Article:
Before deciding which test to take, students should understand the differences between the tests. This decision should also take into account the admissions requirements of their desired schools and which test they believe will best showcase the hard work they've done throughout high school.
Although both the SAT and ACT aim to assess college readiness, they actually test different things. The SAT is more of a test of reasoning and verbal ability, while the ACT is more of an achievement test. This means that the types of questions and topics covered vary by test. The SAT covers three broad topics: Reading, Writing and Language, and Math. SAT questions are intended to test a student's ability to reason in those areas. The ACT covers English, Mathematics, Reading, and Science. Both tests also have an optional Essay/Writing section. SAT questions are often described as requiring more reasoning to solve, while ACT questions are described as "straightforward."
Students who are comfortable with more straightforward questions will likely prefer answering ACT questions. Students who are good with creative reasoning may thrive on the SAT.
|Test Sections|| 1. English:
75 questions, 45 minutes
2. Mathematics: 60 questions, 60 minutes
3. Reading: 40 questions, 35 minutes
4. Science: 40 questions, 35 minutes
5. Writing (optional): 1 question, 40 minutes
52 questions, 65 minutes
2. Writing and Language: 44 questions, 35 minutes
3. Non-Calculator Math: 20 questions, 25 minutes
4. Calculator Math: 38 questions, 55 minutes
5. Essay (optional): 1 question, 50 minutes
English, Mathematics, Reading, Science
Essay Response: Writing
Reading, Writing and Language
Multiple Choice and Grid-In (Student Produced Response): Non-Calculator Math, Calculator Math
Essay Response: Essay
Total Time (without Writing):
2 hours 55 minutes
Total Time (with Writing): 3 hours 35 minutes
Total Time (without Essay):
Total Time (with Essay): 3 hours 50 minutes
Students who work well under time pressure may prefer the ACT. Students have a slightly longer amount of time to solve each question on the SAT, so students who feel stressed under time pressure may prefer the SAT format.
The ACT covers additional subject matter including a Science section. The ACT Science section is really about reasoning with specific scientific subject matter. The SAT does not have a "Science" test per se, but students should expect the SAT Reading test to include two science passages. These passages require students to interpret data and find relationships that are implied or stated in the texts.
On the ACT, students will encounter about four trigonometry questions, and these tend to test very basic concepts. On the SAT, students will encounter trigonometry questions under the "Advanced Topics in Math" domain. Six of the 58 math questions on the SAT will be drawn from the topics of geometry, trigonometry, and complex numbers.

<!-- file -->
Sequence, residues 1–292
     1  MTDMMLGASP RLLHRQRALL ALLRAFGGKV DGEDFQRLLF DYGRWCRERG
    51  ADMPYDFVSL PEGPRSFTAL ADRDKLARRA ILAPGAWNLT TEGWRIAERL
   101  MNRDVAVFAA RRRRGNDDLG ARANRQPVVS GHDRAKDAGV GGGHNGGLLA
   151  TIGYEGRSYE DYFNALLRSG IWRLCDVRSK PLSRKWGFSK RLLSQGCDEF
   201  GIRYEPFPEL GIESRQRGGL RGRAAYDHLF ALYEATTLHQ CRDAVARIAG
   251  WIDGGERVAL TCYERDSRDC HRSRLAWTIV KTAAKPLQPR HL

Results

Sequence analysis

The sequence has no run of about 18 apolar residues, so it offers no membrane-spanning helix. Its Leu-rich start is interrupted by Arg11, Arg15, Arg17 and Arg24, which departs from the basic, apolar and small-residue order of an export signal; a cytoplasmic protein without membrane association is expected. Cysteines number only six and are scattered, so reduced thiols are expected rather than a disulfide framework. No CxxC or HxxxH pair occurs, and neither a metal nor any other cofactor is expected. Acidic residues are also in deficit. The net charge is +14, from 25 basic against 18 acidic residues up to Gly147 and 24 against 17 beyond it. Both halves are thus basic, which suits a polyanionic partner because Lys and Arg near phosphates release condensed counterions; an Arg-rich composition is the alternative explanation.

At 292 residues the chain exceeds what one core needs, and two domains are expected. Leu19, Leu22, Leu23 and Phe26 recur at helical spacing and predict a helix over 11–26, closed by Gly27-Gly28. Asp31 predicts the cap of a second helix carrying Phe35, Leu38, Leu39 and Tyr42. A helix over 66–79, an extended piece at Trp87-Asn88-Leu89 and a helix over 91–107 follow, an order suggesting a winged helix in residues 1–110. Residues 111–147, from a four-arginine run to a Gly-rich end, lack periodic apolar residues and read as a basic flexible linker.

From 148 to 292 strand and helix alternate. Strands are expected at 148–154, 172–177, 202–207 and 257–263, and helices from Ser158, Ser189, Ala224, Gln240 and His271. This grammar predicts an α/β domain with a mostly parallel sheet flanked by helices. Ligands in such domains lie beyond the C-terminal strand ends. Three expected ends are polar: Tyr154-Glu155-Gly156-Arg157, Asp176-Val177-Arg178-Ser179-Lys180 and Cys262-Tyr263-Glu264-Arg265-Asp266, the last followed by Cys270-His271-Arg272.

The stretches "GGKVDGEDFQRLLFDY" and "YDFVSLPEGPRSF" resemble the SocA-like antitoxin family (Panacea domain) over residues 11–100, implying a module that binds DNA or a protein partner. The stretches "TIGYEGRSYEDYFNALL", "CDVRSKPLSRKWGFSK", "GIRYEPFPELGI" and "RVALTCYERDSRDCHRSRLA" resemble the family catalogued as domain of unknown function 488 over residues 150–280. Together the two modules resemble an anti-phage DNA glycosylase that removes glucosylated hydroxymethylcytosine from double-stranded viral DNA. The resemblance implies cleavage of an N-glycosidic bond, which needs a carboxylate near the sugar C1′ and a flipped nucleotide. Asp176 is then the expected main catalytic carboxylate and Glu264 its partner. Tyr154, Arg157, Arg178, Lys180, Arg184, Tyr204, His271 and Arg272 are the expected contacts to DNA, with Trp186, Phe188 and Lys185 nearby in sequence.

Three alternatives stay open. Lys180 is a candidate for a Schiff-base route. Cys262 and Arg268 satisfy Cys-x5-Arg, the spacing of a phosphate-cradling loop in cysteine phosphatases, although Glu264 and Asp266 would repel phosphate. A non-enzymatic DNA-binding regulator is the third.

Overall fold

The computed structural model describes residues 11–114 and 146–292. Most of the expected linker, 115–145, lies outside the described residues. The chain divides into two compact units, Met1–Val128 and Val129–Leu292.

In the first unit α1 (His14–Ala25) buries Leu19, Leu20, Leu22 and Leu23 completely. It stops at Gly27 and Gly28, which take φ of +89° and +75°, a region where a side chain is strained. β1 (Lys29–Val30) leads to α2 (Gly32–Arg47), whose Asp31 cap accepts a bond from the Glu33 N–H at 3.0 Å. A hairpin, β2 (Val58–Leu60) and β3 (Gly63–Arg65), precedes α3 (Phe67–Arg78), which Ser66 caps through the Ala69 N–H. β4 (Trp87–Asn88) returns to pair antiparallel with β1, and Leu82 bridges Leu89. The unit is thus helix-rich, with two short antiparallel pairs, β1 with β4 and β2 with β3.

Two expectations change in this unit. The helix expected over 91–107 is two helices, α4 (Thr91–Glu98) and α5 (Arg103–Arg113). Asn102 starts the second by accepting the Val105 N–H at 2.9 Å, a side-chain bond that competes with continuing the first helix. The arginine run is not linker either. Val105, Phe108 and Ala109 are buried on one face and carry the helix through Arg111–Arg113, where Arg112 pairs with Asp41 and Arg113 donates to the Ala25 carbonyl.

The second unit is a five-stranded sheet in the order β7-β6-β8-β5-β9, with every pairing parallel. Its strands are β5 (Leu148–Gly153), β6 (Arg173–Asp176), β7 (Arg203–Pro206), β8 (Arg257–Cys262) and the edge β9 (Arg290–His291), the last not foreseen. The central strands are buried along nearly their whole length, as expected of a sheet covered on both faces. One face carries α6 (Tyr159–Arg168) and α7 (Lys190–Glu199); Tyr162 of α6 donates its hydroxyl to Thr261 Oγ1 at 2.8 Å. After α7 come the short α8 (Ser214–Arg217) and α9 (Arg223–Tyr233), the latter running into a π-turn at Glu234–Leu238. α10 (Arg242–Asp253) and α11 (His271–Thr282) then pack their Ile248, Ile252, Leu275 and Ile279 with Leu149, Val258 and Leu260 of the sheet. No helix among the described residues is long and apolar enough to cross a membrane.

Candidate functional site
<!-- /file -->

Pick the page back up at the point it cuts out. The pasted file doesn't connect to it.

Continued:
Students who feel comfortable with analyzing visual data and handling scientific concepts may do better with the ACT's Science section. Students who have deep understanding of mathematical logic will prefer the SAT Math sections.
Both the ACT and the SAT have an optional essay. The directions for both tests are available before test day, so students can memorize them ahead of time. The writing prompts on both tests will only vary in the specific topics given. This means that students can be familiar with the Writing/Essay formats and figure out a generic strategy for tackling each one before the day of the test.
The SAT Essay (50 minutes long) requires students to analyze an author's perspective on a given topic. Students must use evidence from the given passage to explain how the author persuades his or her audience. The SAT Essay has been designed to showcase the analytical writing skills students will need during their college careers.
The ACT Writing test (40 minutes long) asks students to evaluate multiple perspectives on a given topic. In addition, students must develop their own viewpoint on the topic and describe how their viewpoint relates to the three perspectives given. Students should incorporate the strengths and weaknesses of the three perspectives and their own.
The ACT Writing test is more inclined to assess how well students can develop their own viewpoints, while the SAT Essay is more of a test of how well a student can analyze rhetorical strategies.
Neither the SAT nor ACT penalizes test takers for wrong answers. This means that, regardless of which test students take, a guess is always worth a shot.
The SAT total score is composed of the sum of the two scores from Math (up to 800) and Evidence-Based Reading and Writing (up to 800), with a total possible score of 1600. The SAT Essay is assessed in three areas, with each area scored on a scale from 2-8. The ACT composite score (ranging from 1-36) is an average of scores in English, Mathematics, Reading, and Science. The ACT Writing section is assessed using four areas with each area scored on a scale of 1-6. Two scorers mark each essay giving a score in each area out of 12. The scores across all four areas are then averaged producing an overall ACT Writing score from 2-12.
There are no penalties for wrong answers on either test so students should be comfortable with guessing. The SAT has a total possible score of 1600 (with an additional three scores ranging from 2-8 for the SAT Essay), whereas ACT scores range from 1-36 (with a score from 2-12 for the Writing section).